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Written April 22, 2021

Cascade is a sci-fi thriller tabletop role-playing game about solving complicated problems using strange tools while under high time pressure and emotional duress.

The core rules are mostly solidified but it is still a work in progress. I intend to add some setting modules to help kickstart games, and to eventually lay the game out in a zine format.

Cascade is forged in the dark. For now I’m working under the assumption that you’ve already read Blades in the Dark or a similar RPG.

The Blades in the Dark



Actions from Blades in the Dark are called Approaches in Cascade. You might ask “how are you approaching this?” or “what’s your approach here?”

The actions are:

Fight someone; defend yourself from an attack; pull two people apart; survive or add to a chaotic brawl.

Scramble into a new position; climb, swim, run jump, and tumble; dodge out of the way; maintain or recover your balance.

Withstand an attack or harsh circumstance; soldier on despite great setbacks; ignore or recover from wounds or illness.

Swagger with confidence or bluster; intimidate, impress, or trick someone; fit in with a group or a crowd.

Imagine futures, pasts, and impossibilities; recognize patterns; express yourself creatively; take part in ritual; express empathy and love.

Lurk unnoticed; sneak and hide; take subtle action; blend into a crowd; ambush an unsuspecting enemy.

Focus intently on something, take time to study something or someone closely, hold your breath, keep your cool while doing something scary.

Scan the room to get a general impression; make snap judgements; keep watch; pick something out from a jumble.

Fix a broken tool; sabotage, hack, modify, or build something; treat a wound; understand & diagnose a complex system.

Instead of having dots in each approach, your character has 4 (maybe 5?) approaches that you can rely on: when you roll for these approaches, you get an extra die.

Making rolls

Making a roll follows these steps:


Attributes are used for resisting. Each attribute is equal to the number of actions under that stat you have. You also have one favored attribute that you get a +1 bonus to.

Hard is from Fight, Scramble, and Withstand. Use it to resist consequences from physical harm.

Cool is from Swagger, Imagine, and Lurk. Use it to resist consequences from emotions and social interactions.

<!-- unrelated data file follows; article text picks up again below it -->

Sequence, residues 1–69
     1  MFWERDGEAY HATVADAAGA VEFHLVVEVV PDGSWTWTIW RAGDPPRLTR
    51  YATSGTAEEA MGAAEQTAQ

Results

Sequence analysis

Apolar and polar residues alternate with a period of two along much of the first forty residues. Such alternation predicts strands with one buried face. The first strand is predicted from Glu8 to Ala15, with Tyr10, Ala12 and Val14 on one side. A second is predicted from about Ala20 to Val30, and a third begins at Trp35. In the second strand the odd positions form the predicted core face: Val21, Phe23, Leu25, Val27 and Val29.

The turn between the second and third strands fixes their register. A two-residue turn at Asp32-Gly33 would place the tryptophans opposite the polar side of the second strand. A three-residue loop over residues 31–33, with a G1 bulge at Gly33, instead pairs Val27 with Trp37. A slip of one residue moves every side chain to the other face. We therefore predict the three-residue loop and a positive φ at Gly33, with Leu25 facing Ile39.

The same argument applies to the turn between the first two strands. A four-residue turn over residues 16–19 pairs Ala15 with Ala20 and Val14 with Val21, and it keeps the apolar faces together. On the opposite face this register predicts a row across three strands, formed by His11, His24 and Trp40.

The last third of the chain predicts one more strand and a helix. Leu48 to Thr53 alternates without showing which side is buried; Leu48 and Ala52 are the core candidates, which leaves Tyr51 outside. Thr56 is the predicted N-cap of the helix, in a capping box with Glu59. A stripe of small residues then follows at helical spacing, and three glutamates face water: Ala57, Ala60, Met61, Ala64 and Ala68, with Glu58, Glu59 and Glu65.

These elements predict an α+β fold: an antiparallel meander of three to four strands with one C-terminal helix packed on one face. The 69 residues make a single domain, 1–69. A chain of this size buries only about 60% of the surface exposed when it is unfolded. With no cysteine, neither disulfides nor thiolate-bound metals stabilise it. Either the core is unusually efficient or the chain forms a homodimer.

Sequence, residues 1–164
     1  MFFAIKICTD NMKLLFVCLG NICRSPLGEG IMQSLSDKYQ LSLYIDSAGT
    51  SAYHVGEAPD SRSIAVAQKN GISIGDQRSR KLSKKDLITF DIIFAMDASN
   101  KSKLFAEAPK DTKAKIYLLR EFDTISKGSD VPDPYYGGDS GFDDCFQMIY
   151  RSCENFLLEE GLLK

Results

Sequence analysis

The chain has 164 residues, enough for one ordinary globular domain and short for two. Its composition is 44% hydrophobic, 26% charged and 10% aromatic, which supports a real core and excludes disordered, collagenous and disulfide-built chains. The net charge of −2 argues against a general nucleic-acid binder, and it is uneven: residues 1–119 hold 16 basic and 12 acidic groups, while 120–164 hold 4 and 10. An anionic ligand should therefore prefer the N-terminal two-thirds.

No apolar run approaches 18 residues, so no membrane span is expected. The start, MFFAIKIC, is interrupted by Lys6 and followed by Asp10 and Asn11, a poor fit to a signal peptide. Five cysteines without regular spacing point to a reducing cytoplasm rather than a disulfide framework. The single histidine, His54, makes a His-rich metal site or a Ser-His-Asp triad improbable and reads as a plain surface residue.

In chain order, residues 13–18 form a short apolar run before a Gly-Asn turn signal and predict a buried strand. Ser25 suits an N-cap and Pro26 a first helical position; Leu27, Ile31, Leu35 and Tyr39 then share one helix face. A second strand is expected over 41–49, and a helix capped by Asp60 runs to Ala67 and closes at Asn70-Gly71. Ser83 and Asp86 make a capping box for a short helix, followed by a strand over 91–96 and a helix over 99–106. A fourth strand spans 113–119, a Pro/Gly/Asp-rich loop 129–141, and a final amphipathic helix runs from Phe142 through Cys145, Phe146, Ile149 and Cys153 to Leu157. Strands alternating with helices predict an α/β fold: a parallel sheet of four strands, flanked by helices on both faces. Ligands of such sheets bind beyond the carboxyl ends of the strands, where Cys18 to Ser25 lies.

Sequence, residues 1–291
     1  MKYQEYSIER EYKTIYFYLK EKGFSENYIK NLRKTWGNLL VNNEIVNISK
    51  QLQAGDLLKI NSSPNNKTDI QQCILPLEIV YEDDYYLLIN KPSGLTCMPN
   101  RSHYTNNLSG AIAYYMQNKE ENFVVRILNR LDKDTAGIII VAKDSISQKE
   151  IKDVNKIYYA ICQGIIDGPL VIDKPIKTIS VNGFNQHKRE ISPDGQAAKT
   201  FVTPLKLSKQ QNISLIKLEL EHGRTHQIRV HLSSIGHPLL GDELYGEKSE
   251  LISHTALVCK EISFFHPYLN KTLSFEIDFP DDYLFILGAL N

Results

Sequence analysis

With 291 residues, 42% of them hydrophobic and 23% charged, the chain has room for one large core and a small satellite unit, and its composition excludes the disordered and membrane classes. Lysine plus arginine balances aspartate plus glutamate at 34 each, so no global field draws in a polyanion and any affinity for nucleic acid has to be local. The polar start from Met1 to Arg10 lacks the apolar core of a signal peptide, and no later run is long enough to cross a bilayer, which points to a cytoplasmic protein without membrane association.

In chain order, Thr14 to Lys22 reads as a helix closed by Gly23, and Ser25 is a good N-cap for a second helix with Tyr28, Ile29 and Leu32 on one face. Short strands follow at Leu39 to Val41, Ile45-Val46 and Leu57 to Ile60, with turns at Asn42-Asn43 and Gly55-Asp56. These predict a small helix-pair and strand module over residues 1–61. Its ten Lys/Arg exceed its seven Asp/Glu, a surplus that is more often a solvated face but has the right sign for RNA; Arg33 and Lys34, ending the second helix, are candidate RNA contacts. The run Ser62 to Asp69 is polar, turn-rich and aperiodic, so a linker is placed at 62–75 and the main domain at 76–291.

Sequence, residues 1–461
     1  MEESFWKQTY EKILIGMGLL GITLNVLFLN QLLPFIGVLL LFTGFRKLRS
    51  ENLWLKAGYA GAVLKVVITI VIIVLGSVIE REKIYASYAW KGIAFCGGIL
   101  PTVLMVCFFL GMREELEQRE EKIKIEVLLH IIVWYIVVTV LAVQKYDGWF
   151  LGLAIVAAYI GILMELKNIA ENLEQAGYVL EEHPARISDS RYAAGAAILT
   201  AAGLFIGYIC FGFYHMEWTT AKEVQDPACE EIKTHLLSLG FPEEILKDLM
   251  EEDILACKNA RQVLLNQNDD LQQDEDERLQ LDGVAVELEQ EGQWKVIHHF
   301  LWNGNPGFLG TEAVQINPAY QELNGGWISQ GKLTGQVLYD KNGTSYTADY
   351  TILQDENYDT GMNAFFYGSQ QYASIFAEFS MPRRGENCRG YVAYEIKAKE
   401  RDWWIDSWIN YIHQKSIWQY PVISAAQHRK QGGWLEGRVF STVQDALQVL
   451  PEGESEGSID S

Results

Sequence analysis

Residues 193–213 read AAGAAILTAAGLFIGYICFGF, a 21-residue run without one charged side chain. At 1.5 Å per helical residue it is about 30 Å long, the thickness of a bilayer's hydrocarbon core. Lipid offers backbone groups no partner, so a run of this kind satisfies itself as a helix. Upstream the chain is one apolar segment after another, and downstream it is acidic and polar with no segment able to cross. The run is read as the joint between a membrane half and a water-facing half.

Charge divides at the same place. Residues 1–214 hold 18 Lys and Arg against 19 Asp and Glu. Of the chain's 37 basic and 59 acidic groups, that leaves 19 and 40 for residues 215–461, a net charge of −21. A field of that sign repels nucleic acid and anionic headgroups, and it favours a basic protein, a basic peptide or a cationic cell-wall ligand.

Sharp is from Focus, Scan, and Fix. Use it to resist consequences from mistakes or misfortune and complex situations.


Maxing out stress doesn’t cause trauma. Instead, you reset your stress, suffer minor harm and trigger a stress response of your choice. Stress responses are actions you must undertake that will cause problems for the group.


Don’t be scared of stress responses! Take this as an opportunity to step back and have a little fun causing a mess before diving back into the problem solving.


I don’t like clocks for most situations. You can use the threat definition rules (below) for things that qualify as threats. For other tasks where a clock might make sense (like “I’m working on fixing up this truck a bit every evening”), instead make a to-do list with 1, 2, 3, or 4 items on it depending on difficulty.

Risk & Reward

Position is renamed to risk and effect is renamed to reward. The risk levels are reliable, risky, desperate. The reward levels are half-measure, plan, gambit. Communicated to the players like “That’s a reliable plan”, “That’s a desperate gambit”, “That’s a risky half-measure”. Default is risky plan.

Bonus reward levels for special circumstances: folly (no effect), decisive gambit (incredible effect)

Because there are no clocks, reward won’t ever be about how many segments get filled. Instead, plans can complete a task fully, half-measures only half-complete a task (another half-measure will finish it), and gambits get you halfway to accomplishing a second thing.


Players are expected to write down everything they have available to them (on their person, on their spaceship, etc), and any rules about how it works if it’s not intuitive. You can’t ad-hoc invent gear: if it’s not written down you don’t have it. Make sure you’re prepared.

Some tools will (ideally) be Strange, which is to say, unfamiliar to the players, maybe because it is very specific, or science-fictional, or supernatural, or whatever else. Everyone should be in agreement in how the tool works, maybe even writing down the things that are decided about it.

If you end up in the situation where there’s something you haven’t written down that nevertheless you should obviously have available to you (and everyone agrees), roll a die. On a 4-6, you do indeed have it. On a 1-3, it’s true that you should have it, but it’s missing, or broken, or otherwise has an unexpected issue.


Your expertise is the thing that you will always be assumed to be capable of. For specialized tasks, not having an appropriate expertise may make your approach desperate or a half-measure. For non-specialized tasks, a relevant expertise might make your approach reliable or a gambit.


The harm system works similar to blades. Minor harm has no effect. Major harm causes reduced effect when relevant. With severe harm, you can’t take relevant actions unless you have help or push yourself.


You can help one another to give the other player an extra die. No stress cost, but it does mean you can’t be doing something else at the same time. If your problems come one at a time, it should be fine!


There aren’t any. You are entirely unprepared for what comes next. Good luck!

Making characters

How to teach the game:

MC agendas:

Player agendas:

How to make interesting problems

Principles of problems: